The vast majority of Machaut's works were secular in nature. His lyrics almost always dealt with courtly love. A few works exist to commemorate a particular event, such as M18, "Bone Pastor/Bone Pastor/Bone Pastor." Machaut mostly composed in five genres: the lai, the virelai, the motet, the ballade, and the rondeau. In these genres, Machaut retained the basic formes fixees, but often utilized creative text setting and cadences. For example, most rondeaux phrases end with a long melisma on the penultimate syllable. However, a few of Machaut's rondeaux, such as R18 "Puis qu'en oubli," are mostly syllabic in treatment. Machaut's motets often contain sacred texts in the tenor, such as in M12 "Corde mesto cantando/Helas! pour quoy virent/Libera me." The top two voices in these three-part compositions, in contrast, sing secular French texts, creating interesting concordances between the sacred and secular. In his other genres, though, he does not utilize sacred texts.

Sacred music

Machaut's cyclic setting of the Mass, his Messe de Nostre Dame (Mass of Our Lady), was probably composed for Reims Cathedral in the early 1360s. While not the first cyclic mass – the Tournai Mass is earlier – it was the first by a single composer and conceived as a unit. Machaut probably was familiar with the Tournai Mass since the Messe de Nostre Dame shares many stylistic features with it, including textless interludes.

Whether or not Machaut's mass is indeed cyclic is of some contention, indeed after lengthy debate musicologists are still deeply divided. However, there is a consensus that this mass is at best a forerunner to the later fifteenth century cyclic masses by the likes of Josquin des Prez. Machaut's mass differs from these in the following ways. One: he does not hold a tonal centre throughout the entire work, as the mass uses two distinct modes, (one for the Kyrie, Gloria and Credo, another for Sanctus, Agnus and Ita missa est). Two: there is no extended melodic theme that clearly runs through all the movements, and the mass does not use the parody technique. Three: there is considerable evidence suggesting that this mass was not composed in one creative motion; although the movements may have been placed together this does not mean that they were conceived so. (see Musical Quarterly, 'the so-called cyclic mass of Guillame De Machaut: new evidence for an old debate' - Elizabeth Keitel.)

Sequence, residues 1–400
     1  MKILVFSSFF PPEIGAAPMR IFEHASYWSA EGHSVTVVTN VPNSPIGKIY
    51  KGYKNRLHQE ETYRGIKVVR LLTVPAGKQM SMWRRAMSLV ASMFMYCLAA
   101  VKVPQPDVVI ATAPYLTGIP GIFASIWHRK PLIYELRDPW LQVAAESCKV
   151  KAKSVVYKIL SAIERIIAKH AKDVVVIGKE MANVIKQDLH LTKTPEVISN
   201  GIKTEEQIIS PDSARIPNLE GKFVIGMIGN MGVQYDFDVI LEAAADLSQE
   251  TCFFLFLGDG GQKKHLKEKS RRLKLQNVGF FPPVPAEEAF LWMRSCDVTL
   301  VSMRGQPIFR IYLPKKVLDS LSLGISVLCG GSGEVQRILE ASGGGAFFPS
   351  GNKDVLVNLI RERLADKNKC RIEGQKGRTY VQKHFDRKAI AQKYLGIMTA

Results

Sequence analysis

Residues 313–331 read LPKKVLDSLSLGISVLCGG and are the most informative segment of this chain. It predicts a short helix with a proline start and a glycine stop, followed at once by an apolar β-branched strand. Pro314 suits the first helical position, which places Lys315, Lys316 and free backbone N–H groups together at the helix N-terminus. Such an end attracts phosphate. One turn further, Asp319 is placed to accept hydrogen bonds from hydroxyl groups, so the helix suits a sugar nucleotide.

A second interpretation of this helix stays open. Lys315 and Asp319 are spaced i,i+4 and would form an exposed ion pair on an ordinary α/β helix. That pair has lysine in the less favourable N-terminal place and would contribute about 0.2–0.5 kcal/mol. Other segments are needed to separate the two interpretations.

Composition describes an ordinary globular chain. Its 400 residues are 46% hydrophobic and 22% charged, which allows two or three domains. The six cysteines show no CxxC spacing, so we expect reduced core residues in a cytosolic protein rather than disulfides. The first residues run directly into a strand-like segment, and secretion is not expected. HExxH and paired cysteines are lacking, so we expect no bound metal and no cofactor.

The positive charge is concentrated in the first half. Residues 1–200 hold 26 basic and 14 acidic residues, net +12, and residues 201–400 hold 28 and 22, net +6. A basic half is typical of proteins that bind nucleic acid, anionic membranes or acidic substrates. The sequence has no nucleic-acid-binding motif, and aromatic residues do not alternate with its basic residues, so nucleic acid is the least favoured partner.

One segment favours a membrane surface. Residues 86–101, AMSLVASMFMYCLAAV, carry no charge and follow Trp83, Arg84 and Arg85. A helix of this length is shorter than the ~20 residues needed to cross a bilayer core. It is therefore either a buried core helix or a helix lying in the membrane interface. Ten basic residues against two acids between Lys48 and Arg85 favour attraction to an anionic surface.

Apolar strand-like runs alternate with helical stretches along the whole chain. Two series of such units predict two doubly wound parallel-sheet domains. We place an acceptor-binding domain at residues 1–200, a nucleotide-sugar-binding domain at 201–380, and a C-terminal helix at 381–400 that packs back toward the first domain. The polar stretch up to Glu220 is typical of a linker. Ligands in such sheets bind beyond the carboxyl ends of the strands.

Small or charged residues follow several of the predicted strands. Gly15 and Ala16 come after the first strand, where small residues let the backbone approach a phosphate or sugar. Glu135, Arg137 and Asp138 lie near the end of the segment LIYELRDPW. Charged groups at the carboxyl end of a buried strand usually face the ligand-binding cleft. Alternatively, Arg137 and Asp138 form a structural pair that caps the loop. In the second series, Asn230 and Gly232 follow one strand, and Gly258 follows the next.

Having said that, stylistically the mass can be said to be consistent, and certainly the chosen chants are all celebrations of the mother Mary. Also adding weight to a claim that the mass is cyclic is the possibility that the piece was written/brought together to be performed at a specific celebration. The possibility that it was for the coronation of Charles V, which was once widely accepted, is thought unlikely in modern scholarship. The intention by the composer for the piece to be performed as one entire mass setting most commonly gives 'Le Messe de Nostre Dame' the title of a cyclic composition.

See also

References and further reading

  • Article on "Guillaume de Machaut," in The New Grove Dictionary of Music and Musicians, ed. Stanley Sadie. 20 vol. London, Macmillan Publishers Ltd., 1980. ISBN 1-56159-174-2
  • Lawrence Earp, Guillaume de Machaut: A Guide to Research, New York: Garland Publishing, 1995.
  • Elizabeth Eva Leach, ed. Machaut’s Music: New Interpretations, Boydell Press, 2003. ISBN 1843830167; ISBN 9781843830160
  • Daniel Leech-Wilkinson, editor, La Messe de Nostre Dame, Oxford University Press, 1990.
  • Daniel Leech-Wilkinson, Machaut's Mass: An introduction, Oxford University Press, 1992.
  • Geneviève Hasenohr and Michel Zinc, eds. Dictionnaire des lettres françaises: Le Moyen Age. Collection: La Pochothèque. Paris: Fayard, 1992.
  • Richard H. Hoppin, Medieval Music. New York, W.W. Norton & Co., 1978. ISBN 0-393-09090-6
  • Harold Gleason and Warren Becker, Music in the Middle Ages and Renaissance (Music Literature Outlines Series I). Bloomington, Indiana.
  • The Works of Guillaume de Machaut. La Trobe University Library. Retrieved on 2008-02-08..
  • Author: Guillaume de Machaut (c1300-1377). The Lied and Art Song Texts Page. Retrieved on 2008-02-08..

External links



  • 2004 – Zodiac. Ars Nova and Ars Subtilior in the Low Countries and Europe. Capilla Flamenca. Eufoda 1360. Contains recordings of Riches d'amour et mendians d'amie and Quant je suis mis au retour by Guillaume de Machaut.